3,000-year-old skeleton found in Rome

May 31, 2006

Italian archaeologists say they have found a well preserved, 3,000-year-old skeleton of a woman during a dig in the Roman Forum in central Rome.

The Bronze Age skeleton dates to at least 300 years before the traditional date used for the founding of Rome, 753 B.C., the BBC reported Wednesday. Archaeologists said it has long been known Bronze Age people lived at the site that was to become Rome.

Archaeologist Anna De Santis, who took part in the dig, told the BBC the woman was about 30 years old, when she died. De Santis said it is an unusual discovery, since it was customary for most prehistoric people to cremate their dead.

Copyright 2006 by United Press International

Explore further: Dinosaur footprints set for public display in Utah

add to favorites email to friend print save as pdf

Related Stories

Canada to push Arctic claim in Europe

16 minutes ago

Canada's top diplomat will discuss the Arctic with his Scandinavian counterparts in Denmark and Norway next week, it was announced Thursday, a trip that will raise suspicions in Russia.

Google to help boost Greece's tourism industry

26 minutes ago

Internet giant Google will offer management courses to 3,000 tourism businesses on the island of Crete as part of an initiative to promote the sector in Greece, industry union Sete said on Thursday.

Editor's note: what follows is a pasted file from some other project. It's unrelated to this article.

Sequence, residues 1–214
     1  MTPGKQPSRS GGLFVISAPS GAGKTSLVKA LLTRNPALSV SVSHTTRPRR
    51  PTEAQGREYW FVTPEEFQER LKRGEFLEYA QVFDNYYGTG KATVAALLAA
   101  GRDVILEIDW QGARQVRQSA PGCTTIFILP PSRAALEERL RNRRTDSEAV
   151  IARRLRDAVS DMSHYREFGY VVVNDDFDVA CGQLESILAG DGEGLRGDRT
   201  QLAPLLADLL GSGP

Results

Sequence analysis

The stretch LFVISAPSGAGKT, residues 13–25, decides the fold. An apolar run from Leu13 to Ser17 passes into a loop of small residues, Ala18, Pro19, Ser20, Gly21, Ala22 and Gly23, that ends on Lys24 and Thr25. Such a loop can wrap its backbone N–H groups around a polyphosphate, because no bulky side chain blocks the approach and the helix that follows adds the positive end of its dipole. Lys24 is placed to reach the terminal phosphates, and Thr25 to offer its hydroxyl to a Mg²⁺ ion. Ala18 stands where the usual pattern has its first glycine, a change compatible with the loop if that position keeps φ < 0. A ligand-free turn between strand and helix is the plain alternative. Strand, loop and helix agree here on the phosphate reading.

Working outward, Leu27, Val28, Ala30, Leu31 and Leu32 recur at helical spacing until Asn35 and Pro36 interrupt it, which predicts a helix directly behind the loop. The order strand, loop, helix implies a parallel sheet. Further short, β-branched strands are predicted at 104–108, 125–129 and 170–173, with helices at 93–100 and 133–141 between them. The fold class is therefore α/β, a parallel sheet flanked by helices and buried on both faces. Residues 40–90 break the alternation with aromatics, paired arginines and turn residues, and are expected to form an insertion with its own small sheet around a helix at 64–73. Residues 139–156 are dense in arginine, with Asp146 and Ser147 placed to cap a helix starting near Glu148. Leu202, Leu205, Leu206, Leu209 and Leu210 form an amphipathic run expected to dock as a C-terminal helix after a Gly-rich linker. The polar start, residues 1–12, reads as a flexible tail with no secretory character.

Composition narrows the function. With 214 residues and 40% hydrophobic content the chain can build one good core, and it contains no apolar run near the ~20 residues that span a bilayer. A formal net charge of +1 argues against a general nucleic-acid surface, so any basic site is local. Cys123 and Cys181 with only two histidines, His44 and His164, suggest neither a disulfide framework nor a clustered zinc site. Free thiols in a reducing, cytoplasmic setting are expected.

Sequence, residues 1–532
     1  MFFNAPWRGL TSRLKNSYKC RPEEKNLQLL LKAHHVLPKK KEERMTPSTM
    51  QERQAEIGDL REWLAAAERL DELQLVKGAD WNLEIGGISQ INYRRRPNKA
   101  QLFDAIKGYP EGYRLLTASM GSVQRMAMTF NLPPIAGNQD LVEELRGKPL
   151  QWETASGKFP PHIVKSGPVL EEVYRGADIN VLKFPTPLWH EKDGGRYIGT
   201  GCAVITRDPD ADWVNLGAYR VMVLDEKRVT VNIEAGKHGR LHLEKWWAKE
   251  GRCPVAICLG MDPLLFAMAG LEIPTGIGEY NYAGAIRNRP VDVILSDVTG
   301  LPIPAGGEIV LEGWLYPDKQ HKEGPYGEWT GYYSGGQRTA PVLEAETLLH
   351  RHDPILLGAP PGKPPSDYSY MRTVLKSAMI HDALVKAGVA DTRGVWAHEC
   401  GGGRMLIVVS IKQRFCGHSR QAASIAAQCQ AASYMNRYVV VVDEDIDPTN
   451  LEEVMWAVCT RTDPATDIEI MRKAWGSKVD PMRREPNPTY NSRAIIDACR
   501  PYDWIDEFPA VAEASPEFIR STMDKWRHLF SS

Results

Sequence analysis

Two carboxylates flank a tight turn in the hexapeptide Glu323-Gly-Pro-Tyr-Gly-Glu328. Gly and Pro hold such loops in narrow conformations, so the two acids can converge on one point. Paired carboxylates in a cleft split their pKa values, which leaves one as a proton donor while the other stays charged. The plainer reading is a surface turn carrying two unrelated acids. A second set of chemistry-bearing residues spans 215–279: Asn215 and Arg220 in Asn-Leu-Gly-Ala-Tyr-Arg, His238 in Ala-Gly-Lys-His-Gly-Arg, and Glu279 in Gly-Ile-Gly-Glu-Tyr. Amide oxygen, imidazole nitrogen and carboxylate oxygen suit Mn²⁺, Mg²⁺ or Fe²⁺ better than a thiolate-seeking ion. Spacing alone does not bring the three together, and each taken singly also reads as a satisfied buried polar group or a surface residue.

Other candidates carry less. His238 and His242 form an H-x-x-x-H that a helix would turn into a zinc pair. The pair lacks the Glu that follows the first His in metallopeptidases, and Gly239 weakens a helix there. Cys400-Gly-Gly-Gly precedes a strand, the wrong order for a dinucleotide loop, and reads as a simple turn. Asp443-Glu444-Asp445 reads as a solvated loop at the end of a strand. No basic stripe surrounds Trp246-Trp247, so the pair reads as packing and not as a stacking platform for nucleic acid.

Ice cream goes Southern, okra extracts may increase shelf-life

36 minutes ago

While okra has been widely used as a vegetable for soups and stews, a new study in the Journal of Food Science, published by the Institute of Food Technologists (IFT), shows how okra extracts can be used as a stabilizer in ice ...

NKorea launch pad expansion 'nearing completion'

55 minutes ago

A U.S. research institute says construction to upgrade North Korea's main rocket launch pad should be completed by fall, allowing Pyongyang (pyuhng-yahng) to conduct a launch by year's end if it decides to do so.

Recommended for you

Dinosaur footprints set for public display in Utah

18 hours ago

A dry wash full of 112-million-year-old dinosaur tracks that include an ankylosaurus, dromaeosaurus and a menacing ancestor of the Tyrannosaurus rex, is set to open to the public this fall in Utah.

Fossil arthropod went on the hunt for its prey

Aug 22, 2014

A new species of carnivorous crustacean has been identified, which roamed the seas 435 million years ago, grasping its prey with spiny limbs before devouring it. The fossil is described and details of its lifestyle are published ...

User comments : 0